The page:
Turkey to rank 2nd in OECD with more than 7 pct growth in 2017
Turkey is expected to rank second in the 34-member OECD if it achieves the expected growth of more than 7 percent for 2017, with figures for the year as well as the fourth quarter of 2017 due to be announced today
Turkey will become second among the Organization for Economic Cooperation and Development (OECD) if the countries achieves its projected growth for 2017, surpassing the production engine of the world, China.
The national statistics institution will announce the Turkish economy's growth figures for last year today.
Turkish Statistical Institute (TurkStat) will announce gross domestic product (GDP) growth in fourth quarter of 2017 and the growth in the last quarter and the whole 2017. Along with the growth figures, GDP per capita figures will also be released.
According to information compiled from TurkStat and the OECD, Turkey's economy grew 5.3 percent in the first quarter of 2017, 5.4 percent in the second quarter and 11.1 percent in the third.
Considering the figures, it is expected that the performance in the last quarter will continue. In this sense, economists who participated in an Anadolu Agency (AA) Finance expectation survey expect that GDP to have increased 7.1 percent in the last quarter of 2017, and 7.3 percent for the whole year.
If these expectations are correct, Turkey would rank second in the 34-member OECD after Ireland, outperforming even China.
Speaking to AA, DenizBank Investment Services Group Strategist Orkun Gödek said that 2017 would be remembered as a year of performance when global-scale growth synchronization was ensured after a long break following the global financial crisis.
Gödek explained that the global growth environment is improving when the rate of capacity utilization spreads and that the Purchasing Managers' Index (PMI) and industrial production data are supported by momentum in domestic consumption. Gödek continued: "On the other hand, we expect annual growth to reach 7 percent when the incentives introduced are supported by increased exports. In 2018, we maintain our current expectation of growth of 4.2 percent if credit growth returns to normal and imports decline relatively. The February data show that there is no recession in global growth yet. The relative decline in PMI figures from higher levels and the desire to reduce stocks at the beginning of the year are possible, but we believe that momentum is preserved."
VakıfBank Economic Research Director Cem Eroğlu said that they expect 7.2 percent growth for the economy for 2017.
Erdoğlu cited recent statements from authorities that indicate that annual growth might exceed 7.2 percent. "We expect that growth, which displayed a strong outlook thanks to the Credit Guarantee Fund [CGF] and base effect in 2017 will maintain this outlook with the support of expected investment-oriented incentive package and that the Turkish economy will grow around 5.5 percent in 2018."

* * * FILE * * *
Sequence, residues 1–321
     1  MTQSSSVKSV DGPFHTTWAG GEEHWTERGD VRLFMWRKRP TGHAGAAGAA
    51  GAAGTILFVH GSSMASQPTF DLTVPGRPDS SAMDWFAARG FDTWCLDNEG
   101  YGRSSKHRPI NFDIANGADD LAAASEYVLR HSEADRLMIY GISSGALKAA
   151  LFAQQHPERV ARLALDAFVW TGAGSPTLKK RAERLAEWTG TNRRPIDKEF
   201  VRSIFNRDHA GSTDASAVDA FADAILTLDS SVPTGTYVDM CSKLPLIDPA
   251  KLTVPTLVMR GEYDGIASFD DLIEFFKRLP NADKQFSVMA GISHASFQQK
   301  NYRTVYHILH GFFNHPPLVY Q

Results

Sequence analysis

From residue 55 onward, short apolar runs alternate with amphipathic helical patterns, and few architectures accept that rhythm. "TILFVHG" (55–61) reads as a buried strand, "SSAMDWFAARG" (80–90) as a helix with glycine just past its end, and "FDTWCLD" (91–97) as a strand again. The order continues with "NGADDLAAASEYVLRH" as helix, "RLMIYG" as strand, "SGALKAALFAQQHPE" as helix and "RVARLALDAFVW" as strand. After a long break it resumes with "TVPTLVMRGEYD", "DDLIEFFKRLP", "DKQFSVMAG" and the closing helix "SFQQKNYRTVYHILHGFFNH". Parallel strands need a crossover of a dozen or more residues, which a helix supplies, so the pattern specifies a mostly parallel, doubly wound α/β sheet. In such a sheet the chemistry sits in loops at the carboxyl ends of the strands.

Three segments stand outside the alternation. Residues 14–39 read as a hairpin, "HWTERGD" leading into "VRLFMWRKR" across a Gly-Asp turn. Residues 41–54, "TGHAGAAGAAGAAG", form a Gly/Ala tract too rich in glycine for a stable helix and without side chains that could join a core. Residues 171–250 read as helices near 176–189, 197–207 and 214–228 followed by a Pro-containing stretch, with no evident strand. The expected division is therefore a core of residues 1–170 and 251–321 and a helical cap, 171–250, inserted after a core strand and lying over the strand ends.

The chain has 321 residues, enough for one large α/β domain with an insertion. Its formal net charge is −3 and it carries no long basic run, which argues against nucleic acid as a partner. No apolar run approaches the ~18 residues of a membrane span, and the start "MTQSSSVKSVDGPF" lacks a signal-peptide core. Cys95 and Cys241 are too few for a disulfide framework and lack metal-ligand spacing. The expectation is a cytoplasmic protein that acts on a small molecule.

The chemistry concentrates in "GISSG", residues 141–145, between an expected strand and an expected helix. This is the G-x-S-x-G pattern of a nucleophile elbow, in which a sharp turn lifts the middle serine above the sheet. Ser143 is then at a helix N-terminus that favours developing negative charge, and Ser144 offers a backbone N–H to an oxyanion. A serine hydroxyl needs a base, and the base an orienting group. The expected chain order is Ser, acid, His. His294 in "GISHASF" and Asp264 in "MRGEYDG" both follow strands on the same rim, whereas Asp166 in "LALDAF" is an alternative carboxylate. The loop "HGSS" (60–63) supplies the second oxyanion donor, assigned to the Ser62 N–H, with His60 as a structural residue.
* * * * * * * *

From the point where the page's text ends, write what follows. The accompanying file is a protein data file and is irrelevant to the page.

Eroğlu said that growth in 2017 was predominantly supported by consumption expenditures the same as in previous years and that they expect a growth-oriented outlook for 2018 due to investment and export incentives the government is expected to announce.
Türkiye Ekonomi Bankası (TEB) Financial Markets Strategy Manager Erkin Işık said that GDP growth could rise to 7.2 percent last year, especially with CGF support.
Indicating that more than half of this growth stemmed from domestic demand, Işık said there has been a significant contribution of fixed capital investments and net exports.
According to Işık, even though fixed capital investments are mostly construction-intensive, recovery was seen in machinery-equipment investments as of the third quarter when capacity utilization rose to very high levels.
Şekerbank Chief Economist Gülay Elif Girgin said that Turkey had a very good growth performance compared to other countries. "Looking at 2018, we can expect a growth rate of 5 percent with a slight slowdown as a general expectation. Although the headline growth figure is important, sub-items and the quality and sustainability of growth are also important issues. The acceleration of investments due to CGF support and a growth rate ensured by net exports are the basic conditions for sustainable growth for an emerging economy with a young population like Turkey."
QNB Finansinvest Chief Economist Burak Kanlı said that data updates on the previous period could make small differences to expectations, but that he predicts 4.5 percent to 5 percent growth in 2018.
Remarking that growth composition in 2017 was quite balanced, Kanlı said: "As has always been, private consumption has made the largest contribution. On the other hand, exports of goods and services were also very strong and net exports made a positive contribution to growth. In addition to all this, we saw a significant recovery in investment demand after a long time, which also significantly contributed to growth. At this point, however, I need to warn that we cannot distinguish investment demand from the private sector and public sector in the new GDP series."
Kanlı said that rapid rises in the current account deficit recently may have a negative impact on growth, adding that the rapidly rising current deficit account actually means quickly created debt and the quickly emerging demand for imports. ISTANBUL / DAILY SABAH WITH AA